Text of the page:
This chapter provides a brief introduction to propositional epistemic logic and its applications to epistemology. No previous exposure to epistemic logic is assumed. Epistemic-logical topics discussed include the language and semantics of basic epistemic logic, multi-agent epistemic logic, combined epistemic-doxastic logic, and a glimpse of dynamic epistemic logic. Epistemological topics discussed include Moore-paradoxical phenomena, the surprise exam paradox, logical omniscience and epistemic closure, formalized theories of knowledge, debates about higher-order knowledge, and issues of knowability raised by Fitch’s paradox. The references (...)
    Remove from this list   Direct download  
     
    Export citation  
     
    My bibliography   1 citation  
  28. Does Ought Imply Ought Ought?Daniel Immerman - 2018 - Philosophical Quarterly 68 (273):702-716.
    Knows-knows principles in epistemology say that if you know some proposition, then you are in a position to know that you know it. This paper examines the viability of analogous principles in ethics, which I call ought-ought principles. Several epistemologists have recently offered new defences of KK principles and of other related principles, and there has recently been an increased interest in examining analogies between ethics and epistemology, and so it seems natural to examine whether defences of KK and related (...)
    Remove from this list   Direct download (3 more)  
     
    Export citation  
     
    My bibliography  
  29. Knowledge-to-Fact Arguments Can Deliver Knowledge.Daniel Immerman - 2018 - Analysis 78 (1):52-56.
    In a recent paper, Murali Ramachandran endorses a principle that he thinks can help us solve the surprise test puzzle and cause problems for a Williamsonian argument against KK principles. But in this paper I argue that his principle is false and as a result it cannot do either.
    Remove from this list   Direct download (5 more)  
     
    Export citation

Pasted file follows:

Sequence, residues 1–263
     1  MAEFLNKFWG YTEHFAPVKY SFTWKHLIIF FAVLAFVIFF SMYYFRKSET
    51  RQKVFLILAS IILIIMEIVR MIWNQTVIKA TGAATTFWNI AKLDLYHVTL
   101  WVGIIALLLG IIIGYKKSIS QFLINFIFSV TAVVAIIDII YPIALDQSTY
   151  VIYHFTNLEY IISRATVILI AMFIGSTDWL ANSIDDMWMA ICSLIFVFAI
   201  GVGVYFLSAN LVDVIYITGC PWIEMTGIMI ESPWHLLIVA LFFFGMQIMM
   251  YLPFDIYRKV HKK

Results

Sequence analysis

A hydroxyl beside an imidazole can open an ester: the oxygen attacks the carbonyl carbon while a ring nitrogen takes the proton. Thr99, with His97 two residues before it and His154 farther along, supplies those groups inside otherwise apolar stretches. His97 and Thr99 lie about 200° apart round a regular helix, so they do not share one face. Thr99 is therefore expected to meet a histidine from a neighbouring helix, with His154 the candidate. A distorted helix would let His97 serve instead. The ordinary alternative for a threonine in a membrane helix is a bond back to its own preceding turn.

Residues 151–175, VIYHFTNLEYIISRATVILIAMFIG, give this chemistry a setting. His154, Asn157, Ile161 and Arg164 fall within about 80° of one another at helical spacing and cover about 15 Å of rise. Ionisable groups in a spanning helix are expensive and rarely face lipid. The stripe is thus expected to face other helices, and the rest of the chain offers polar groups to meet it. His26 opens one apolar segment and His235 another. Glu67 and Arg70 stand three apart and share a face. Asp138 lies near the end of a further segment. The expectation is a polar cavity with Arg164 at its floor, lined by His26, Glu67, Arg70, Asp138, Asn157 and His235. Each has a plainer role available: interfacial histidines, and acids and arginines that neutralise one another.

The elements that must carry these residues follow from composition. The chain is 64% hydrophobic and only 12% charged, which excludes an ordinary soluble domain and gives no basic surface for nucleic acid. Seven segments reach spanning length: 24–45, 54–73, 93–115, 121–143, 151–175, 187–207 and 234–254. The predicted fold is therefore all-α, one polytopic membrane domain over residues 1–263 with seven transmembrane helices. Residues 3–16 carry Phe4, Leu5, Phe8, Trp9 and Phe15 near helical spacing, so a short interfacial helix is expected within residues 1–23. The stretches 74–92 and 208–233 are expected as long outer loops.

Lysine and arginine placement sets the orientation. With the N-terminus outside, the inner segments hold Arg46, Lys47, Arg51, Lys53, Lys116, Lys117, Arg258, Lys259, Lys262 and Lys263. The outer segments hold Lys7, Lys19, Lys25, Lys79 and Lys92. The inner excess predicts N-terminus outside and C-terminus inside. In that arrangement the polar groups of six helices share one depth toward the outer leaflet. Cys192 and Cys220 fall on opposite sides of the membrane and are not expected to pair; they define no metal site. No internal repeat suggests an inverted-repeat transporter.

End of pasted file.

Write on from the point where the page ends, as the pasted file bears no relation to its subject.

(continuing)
My bibliography  
  30. Kumārila and Knows-Knows.Daniel Immerman - 2018 - Philosophy East and West 68 (2):408-422.
    This essay defends a principle that promises to help illuminate the nature of reflective knowledge. The principle in question belongs to a broader category called knows-knows principles, or KK principles for short. Such principles say that if you know some proposition, then you're in a position to know that you know it.KK principles were prominent among various historical philosophers and can be fruitfully integrated with many views in contemporary epistemology and beyond—and yet almost every contemporary analytic epistemologist thinks that they (...)
    Remove from this list   Direct download (3 more)  
     
    Export citation  
     
    My bibliography  
  31. Skepticism, Information, and Closure: Dretske's Theory of Knowledge.Christoph Jäger - 2004 - Erkenntnis 61 (2-3):187 - 201.
    According to Fred Dretske's externalist theory of knowledge a subject knows that p if and only if she believes that p and this belief is caused or causally sustained by the information that p. Another famous feature of Dretske's epistemology is his denial that knowledge is closed under known entailment. I argue that, given Dretske's construal of information, he is in fact committed to the view that both information and knowledge are closed under known entailment. Hence, if it is true (...)
    Remove from this list   Direct download (6 more)  
     
    Export citation  
     
    My bibliography   9 citations  
  32. Knowledge Versus Understanding: The Cost of Avoiding Gettier.Mikael Janvid - 2012 - Acta Analytica 27 (2):183-197.
    In the current discussion on epistemic value, several philosophers argue that understanding enjoys higher epistemological significance and epistemic value than knowledge—the epistemic state the epistemological tradition has been preoccupied with. By noting a tension between the necessary conditions for understanding in the perhaps most prominent of these philosophers, Jonathan Kvanvig, this paper disputes the higher epistemological relevance of understanding. At the end, on the basis of the results of the previous sections, some alternative comparative contrasts between knowledge and understanding are (...)
    Remove from this list   Direct download (6 more)  
     
    Export citation  
     
    My bibliography   2 citations  
  33. Savoir Que l'On Sait. La Question de la Transparence Dans les Attitudes Épistémiques.Neil Kennedy - 2009 - Dialogue 48 (3):451.
    ABSTRACT: In this paper, I revisit arguments for and against various theses concerning higher-order knowledge in order to fully gauge their impact on the principles of positive and negative introspection. I argue that the expression has at least two salient understandings: the more common one, labelled, validates the principle of positive introspection, while the other which is less common, labelled, supports some of the arguments against this principle.
    Remove from this list   Direct download (6 more)  
     
    Export citation  
     
    My bibliography  
  34. The Solution to the Surprise Exam Paradox.Ken Levy - 2009 - Southern Journal of Philosophy 47 (2):131-158.